Kiln Yard was the area at the corner of Back Lane and Tripps Hill at the top of Deanway, just across Back Lane from the White Hart. It is quite distinctive being an area of a slight depression and having within it a number of small old cottages. I have found exactly where it was by correlating the names on the 1851 Census with the names on the 1840 Tithe Apportionment and map.
The following map is an extract from the Tithe map.
There are some curious features about this "Kiln Yard". First the sheer number of people in this small area. Second all bar one of the plots have different owners and none of these owners are significant landholders elsewhere in the parish. There is also an unusually high number (11 out of 13) of heads of households who come from outside the parish.
It is suggested that this is the site of disused brick workings. It is accepted that, in the 16th to 18th C in particular, bricks were often made close to the site of the building they were to be used in. In this case it could be that the bricks were used for the construction of the original house that stood on the site of the White Hart. This was fairly large and was known from land deeds in the 17th C as "Stone House". (Not to be confused with "The Stone" down in the Village.) This name implies it was of brick as opposed to the usual construction of the time of wood framing. I suspect therefore that by the early 19th C Kiln Yard was derelict and useless land and so was liable to be used by squatters or by people who were unable to find any better accommodation.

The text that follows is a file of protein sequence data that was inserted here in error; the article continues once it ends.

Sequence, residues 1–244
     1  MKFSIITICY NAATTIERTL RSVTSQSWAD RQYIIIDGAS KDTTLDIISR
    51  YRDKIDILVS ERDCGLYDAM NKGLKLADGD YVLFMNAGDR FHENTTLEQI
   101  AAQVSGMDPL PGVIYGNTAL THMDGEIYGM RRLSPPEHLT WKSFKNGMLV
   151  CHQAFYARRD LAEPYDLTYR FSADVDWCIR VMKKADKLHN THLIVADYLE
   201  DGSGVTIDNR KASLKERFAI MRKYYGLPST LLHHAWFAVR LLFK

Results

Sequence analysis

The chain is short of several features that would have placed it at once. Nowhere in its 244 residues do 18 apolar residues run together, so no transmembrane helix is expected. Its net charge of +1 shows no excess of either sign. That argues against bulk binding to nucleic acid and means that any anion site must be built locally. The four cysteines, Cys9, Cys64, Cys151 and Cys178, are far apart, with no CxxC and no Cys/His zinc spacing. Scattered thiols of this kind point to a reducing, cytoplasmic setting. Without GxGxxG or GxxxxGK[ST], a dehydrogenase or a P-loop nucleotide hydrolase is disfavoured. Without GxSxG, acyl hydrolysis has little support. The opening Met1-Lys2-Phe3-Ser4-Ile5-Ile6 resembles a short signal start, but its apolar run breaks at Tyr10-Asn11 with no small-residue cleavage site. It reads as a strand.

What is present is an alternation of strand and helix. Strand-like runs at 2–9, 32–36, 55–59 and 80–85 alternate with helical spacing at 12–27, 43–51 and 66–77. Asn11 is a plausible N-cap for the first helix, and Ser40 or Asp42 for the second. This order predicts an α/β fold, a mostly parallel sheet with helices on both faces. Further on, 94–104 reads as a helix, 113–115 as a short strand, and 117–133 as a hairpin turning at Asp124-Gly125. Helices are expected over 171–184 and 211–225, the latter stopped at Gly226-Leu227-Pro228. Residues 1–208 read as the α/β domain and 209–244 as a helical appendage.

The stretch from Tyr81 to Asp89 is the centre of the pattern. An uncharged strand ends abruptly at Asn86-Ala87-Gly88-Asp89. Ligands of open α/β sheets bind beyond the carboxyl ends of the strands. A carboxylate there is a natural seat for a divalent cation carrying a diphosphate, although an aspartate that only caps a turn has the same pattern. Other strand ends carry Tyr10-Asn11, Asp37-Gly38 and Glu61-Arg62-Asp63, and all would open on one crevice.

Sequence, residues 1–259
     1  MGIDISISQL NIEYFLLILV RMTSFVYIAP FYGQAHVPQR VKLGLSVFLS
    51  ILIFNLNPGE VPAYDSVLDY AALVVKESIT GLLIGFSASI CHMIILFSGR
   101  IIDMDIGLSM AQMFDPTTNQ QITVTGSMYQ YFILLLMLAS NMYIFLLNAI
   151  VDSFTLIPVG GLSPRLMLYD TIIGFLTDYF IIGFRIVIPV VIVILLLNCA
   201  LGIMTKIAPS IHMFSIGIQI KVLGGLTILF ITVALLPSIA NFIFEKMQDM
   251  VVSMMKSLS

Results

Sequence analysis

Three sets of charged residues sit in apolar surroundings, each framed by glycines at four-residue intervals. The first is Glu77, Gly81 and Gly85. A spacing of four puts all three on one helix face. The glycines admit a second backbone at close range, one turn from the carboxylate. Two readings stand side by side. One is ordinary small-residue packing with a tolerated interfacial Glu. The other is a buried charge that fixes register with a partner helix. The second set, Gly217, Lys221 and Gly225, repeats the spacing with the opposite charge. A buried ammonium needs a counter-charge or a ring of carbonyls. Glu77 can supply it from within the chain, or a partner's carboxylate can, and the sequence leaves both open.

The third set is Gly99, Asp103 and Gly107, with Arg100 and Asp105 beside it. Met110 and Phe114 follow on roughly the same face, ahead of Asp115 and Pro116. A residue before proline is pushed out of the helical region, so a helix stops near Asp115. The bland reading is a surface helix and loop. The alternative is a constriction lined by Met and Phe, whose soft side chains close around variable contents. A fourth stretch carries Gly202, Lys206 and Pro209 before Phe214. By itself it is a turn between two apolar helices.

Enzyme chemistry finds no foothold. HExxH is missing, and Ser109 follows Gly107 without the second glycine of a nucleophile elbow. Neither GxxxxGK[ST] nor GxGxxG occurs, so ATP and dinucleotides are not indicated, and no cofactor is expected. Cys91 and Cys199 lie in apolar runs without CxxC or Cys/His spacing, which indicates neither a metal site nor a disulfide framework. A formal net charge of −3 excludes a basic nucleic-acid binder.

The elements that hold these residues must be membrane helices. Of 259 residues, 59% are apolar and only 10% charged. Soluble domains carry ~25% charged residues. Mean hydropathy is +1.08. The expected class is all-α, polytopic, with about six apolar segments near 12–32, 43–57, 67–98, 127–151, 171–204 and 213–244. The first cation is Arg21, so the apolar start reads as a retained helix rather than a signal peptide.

There is at least one other location of old (believed Medieval) brick working known and that is just to the north east of Hill Farm House in what is now the garden to the house where according to a previous owner there were many clay pits. The major brickworks called Froghall Kiln started in 1783 and only closed in 1978 but they are too far away from Kiln Yard to be related.
(Ref: "Bucks Industrial Heritage" Ed Thorpe, D. BAS papers No 13 2007)
It could be suggested that Kiln Yard was named after a kiln associated with iron working because there was said to be an iron foundry at Three Households. However on investigation this "foundry" was along the road by Sutmers Court and in any case was a late 19th C business. There is a final possibility was that it related to the use by Lowen Tripp the blacksmith who lived close by but then it would be called a forge or a smithy, not a kiln.JD 2013
REFERENCES. Unless otherwise specified, all references given above refer to catalogue references at the Centre for Buckinghamshire Studies at Aylesbury. (County Record Office.)
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